WARSAW, Poland — Dozens of elderly Holocaust survivors lit candles at Auschwitz exactly 71 years after the Soviet army liberated the death camp which has become the most powerful symbol of the human suffering inflicted by Nazi Germany during World War II.
Events Wednesday at the former death camp in southern Poland came as world leaders and others across the world mark the U.N.-designated International Remembrance Day.
The event come amid warnings of a resurgence of anti-Semitism casting a shadow over a new generation of European Jews, driving some to leave the continent.
Federica Mogherini, the European Union’s top foreign affairs representative, said in a statement: “We must be honest enough to admit that more than 70 years after the Shoah, anti-Semitism is still alive in our ‘civilized’ European Union.”
Prime Minister Justin Trudeau issued the following statement on the International Day of Commemoration in Memory of the Victims of the Holocaust:
“On this day, we pay tribute to the memory of the millions of victims murdered during the Holocaust. We honour those who survived atrocities at the hands of the Nazi regime, and welcome their courageous stories of hope and perseverance.
“The Holocaust is a stark reminder of the dangers and risks of allowing hate, prejudice, and discrimination to spread unchallenged. It also reminds us that silence must never be an option when humanity is threatened.
“As we pause to educate ourselves and our families on the bitter lessons of the Holocaust, we also strengthen our resolve to work with domestic and international partners to continue defending human rights and condemning intolerance.”
Rona Ambrose, Leader of the Official Opposition, and Interim Leader of the Conservative Party, issued the following statement:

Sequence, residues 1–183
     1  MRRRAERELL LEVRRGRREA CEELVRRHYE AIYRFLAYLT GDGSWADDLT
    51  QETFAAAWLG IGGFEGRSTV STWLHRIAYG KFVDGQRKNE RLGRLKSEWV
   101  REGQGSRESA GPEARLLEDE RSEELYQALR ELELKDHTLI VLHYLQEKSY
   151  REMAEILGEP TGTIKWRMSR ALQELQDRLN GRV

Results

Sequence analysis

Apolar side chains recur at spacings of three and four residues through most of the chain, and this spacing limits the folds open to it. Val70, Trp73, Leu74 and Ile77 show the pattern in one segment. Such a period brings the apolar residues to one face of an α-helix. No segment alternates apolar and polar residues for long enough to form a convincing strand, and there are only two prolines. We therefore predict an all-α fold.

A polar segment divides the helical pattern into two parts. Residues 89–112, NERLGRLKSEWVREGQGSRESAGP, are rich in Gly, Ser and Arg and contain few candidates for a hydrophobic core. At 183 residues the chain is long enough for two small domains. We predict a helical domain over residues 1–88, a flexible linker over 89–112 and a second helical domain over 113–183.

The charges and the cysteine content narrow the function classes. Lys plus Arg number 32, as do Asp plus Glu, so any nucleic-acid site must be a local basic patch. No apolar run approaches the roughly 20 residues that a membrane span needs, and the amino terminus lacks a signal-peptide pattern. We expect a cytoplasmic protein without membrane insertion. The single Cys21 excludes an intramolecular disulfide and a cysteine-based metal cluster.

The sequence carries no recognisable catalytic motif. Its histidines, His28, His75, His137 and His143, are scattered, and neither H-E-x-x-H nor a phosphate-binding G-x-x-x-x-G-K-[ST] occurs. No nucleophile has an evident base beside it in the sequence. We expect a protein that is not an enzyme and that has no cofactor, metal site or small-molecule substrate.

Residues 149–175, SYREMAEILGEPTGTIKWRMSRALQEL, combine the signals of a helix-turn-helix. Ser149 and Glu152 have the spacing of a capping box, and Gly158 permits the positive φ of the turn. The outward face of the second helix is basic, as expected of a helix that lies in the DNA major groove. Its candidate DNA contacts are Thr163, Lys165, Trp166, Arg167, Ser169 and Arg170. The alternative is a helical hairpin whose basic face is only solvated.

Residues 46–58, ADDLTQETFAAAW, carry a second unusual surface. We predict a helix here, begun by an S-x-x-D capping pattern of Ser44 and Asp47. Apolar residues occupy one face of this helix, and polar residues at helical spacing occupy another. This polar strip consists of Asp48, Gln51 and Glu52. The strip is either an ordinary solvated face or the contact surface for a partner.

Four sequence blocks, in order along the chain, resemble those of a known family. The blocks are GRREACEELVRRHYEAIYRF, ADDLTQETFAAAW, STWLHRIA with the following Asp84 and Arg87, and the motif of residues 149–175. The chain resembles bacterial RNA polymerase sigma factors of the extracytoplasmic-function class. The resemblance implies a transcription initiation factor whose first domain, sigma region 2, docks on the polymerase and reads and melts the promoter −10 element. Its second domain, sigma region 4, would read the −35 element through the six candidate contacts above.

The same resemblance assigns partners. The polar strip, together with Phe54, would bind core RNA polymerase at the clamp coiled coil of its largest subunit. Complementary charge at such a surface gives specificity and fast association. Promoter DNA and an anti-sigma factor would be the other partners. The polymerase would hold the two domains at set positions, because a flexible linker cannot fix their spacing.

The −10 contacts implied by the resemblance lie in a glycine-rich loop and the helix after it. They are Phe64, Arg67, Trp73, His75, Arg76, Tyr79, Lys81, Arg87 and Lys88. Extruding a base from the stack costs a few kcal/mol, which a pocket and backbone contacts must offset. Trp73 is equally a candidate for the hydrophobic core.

“Today we remember the countless innocent men, women, and children, including six million Jews who were murdered in Nazi death camps during the Second World War.
“We also honour those who survived the terrible cruelty of the Holocaust – tens of thousands of whom eventually made their way to Canada – and express our gratitude to those who put their own lives in danger to come to their aid.
“The fortitude of the survivors and the courage of those who gave them comfort and shelter in the face of unspeakable evil has been and remains an inspiration to generations since.
“Sadly, today is also a day to remind ourselves that the undisguised anti-Semitism of the Nazi-era still festers in too many parts of the world – and that it can reach even into our own society, clothed in more subtle garb.
“In too many parts of the world people still face terror, persecution, and oppression not for anything they have done, but simply for who they are or for what they believe.
“We call on the Government of Canada to continue to stand against this, both in words and actions, here at home and around the world.
“And we call on the Government to follow through on the all-party commitment to the international 2009 Terezin Declaration regarding the restitution of property stolen by the Nazis from Jewish families during the Holocaust.
“Today, on the seventy-first anniversary of the liberation of Auschwitz-Birkenau, the largest of the death camps, all people who cherish freedom, justice, and tolerance are called upon to reflect on one of the darkest periods of human history. And we are called upon to renew our commitment to a solemn vow: “Never again.””